Canada’s innovation economy faces a dual challenge. Firms that want to innovate and grow often struggle to find workers with the right skills and knowledge, while many workers have difficulty finding and participating in education and training initiatives that would help them develop the skills and knowledge they need. Some firms address the challenge by working with training institutions to reskill their current workforce or develop programs to ensure that new hires have relevant skills and knowledge. Yet, too few pursue this strategy. The result is missed opportunities and foregone growth in the innovation economy.
This report and accompanying case studies share insights from three skills for innovation training initiatives which can inform the design and operation of models in Canada. As this briefing and the case studies reveal, well-designed and operated skills for innovation initiatives can improve the skills and well-being of workers and the strength and growth of dynamic regional economic sectors.
The case studies reveal that well-designed initiatives can improve the skills and well-being of workers and the strength and growth of dynamic regional economic sectors if they:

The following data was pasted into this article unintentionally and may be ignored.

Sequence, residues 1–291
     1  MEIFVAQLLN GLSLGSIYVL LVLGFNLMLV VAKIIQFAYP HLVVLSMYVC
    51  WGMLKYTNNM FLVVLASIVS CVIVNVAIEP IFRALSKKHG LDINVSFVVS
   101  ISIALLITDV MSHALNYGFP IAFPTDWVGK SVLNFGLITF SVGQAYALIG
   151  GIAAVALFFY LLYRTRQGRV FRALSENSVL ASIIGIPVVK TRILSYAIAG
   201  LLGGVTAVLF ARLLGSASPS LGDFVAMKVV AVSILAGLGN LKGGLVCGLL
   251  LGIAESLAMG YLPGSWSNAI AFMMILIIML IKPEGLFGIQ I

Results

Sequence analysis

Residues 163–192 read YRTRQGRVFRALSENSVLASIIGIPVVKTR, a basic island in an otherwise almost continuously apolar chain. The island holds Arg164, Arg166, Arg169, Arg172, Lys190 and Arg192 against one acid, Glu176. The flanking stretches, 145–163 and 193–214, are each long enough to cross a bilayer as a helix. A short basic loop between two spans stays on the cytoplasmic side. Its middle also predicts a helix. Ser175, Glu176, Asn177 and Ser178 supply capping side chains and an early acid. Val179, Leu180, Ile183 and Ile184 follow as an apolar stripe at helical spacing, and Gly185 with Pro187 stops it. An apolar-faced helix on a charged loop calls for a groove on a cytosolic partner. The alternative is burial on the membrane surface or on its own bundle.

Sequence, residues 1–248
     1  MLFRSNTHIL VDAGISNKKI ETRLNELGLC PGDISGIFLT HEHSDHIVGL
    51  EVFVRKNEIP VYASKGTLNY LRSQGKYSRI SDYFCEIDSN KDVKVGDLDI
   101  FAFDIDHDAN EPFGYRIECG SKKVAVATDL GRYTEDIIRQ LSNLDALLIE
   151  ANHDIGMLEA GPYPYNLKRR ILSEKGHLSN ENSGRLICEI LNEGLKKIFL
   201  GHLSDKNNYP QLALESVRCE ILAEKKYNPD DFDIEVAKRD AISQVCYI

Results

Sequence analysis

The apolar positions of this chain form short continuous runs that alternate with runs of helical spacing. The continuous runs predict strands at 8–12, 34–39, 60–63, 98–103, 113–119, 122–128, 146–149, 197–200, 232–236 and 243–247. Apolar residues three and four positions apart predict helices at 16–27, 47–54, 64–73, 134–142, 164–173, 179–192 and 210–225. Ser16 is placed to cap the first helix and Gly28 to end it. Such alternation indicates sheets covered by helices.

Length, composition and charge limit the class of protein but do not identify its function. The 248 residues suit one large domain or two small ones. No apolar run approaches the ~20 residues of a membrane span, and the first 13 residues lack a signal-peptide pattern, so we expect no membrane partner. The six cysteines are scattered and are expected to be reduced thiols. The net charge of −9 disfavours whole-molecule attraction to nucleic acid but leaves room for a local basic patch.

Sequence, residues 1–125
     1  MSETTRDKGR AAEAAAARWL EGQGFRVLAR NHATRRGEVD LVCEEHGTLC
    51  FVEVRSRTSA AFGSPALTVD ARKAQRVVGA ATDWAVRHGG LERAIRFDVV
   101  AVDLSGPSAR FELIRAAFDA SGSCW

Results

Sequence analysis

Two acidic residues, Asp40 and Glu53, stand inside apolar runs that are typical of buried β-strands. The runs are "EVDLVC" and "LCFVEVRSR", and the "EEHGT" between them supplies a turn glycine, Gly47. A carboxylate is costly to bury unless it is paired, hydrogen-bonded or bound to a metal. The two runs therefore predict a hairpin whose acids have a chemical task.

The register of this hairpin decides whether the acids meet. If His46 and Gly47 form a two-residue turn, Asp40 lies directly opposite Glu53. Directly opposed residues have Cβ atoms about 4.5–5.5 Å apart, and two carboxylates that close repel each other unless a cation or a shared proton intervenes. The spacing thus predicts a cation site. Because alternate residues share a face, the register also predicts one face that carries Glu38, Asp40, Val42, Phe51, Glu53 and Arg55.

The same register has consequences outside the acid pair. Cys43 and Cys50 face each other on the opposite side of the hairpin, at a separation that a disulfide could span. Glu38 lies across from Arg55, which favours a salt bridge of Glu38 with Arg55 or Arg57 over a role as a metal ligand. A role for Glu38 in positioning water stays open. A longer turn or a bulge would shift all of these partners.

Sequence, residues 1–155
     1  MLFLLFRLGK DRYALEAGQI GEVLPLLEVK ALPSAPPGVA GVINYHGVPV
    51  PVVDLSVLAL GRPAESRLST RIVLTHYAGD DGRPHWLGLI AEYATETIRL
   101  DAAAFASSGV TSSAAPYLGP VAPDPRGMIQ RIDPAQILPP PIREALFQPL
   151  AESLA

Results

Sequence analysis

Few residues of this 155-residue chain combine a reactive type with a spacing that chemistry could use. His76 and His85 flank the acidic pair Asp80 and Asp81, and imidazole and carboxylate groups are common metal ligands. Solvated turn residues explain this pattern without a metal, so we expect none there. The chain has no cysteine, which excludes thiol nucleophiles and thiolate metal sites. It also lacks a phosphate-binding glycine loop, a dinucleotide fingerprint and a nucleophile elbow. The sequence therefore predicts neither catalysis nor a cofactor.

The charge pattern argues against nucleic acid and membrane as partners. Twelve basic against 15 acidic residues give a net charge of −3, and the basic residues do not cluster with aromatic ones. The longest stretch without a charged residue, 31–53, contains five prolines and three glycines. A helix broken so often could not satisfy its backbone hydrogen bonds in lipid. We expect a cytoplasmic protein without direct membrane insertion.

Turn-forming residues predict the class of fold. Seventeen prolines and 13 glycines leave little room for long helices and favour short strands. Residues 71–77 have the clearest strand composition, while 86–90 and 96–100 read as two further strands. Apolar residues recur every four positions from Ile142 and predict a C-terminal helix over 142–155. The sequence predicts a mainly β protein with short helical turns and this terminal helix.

focus on sector- and regionally-relevant opportunities;
conduct robust economic trend analysis focused on innovation and growth opportunities
develop and draw on strong relationships among employers, training institutions, government agencies and not-for-profit agencies;
establish a well-resourced intermediary organization that leads and manages the initiative and coordinates stakeholders; and
provide substantial resources and wrap-around support for trainees to complete training while managing other aspects of their lives, including housing, childcare, transportation, and forgone income while in training.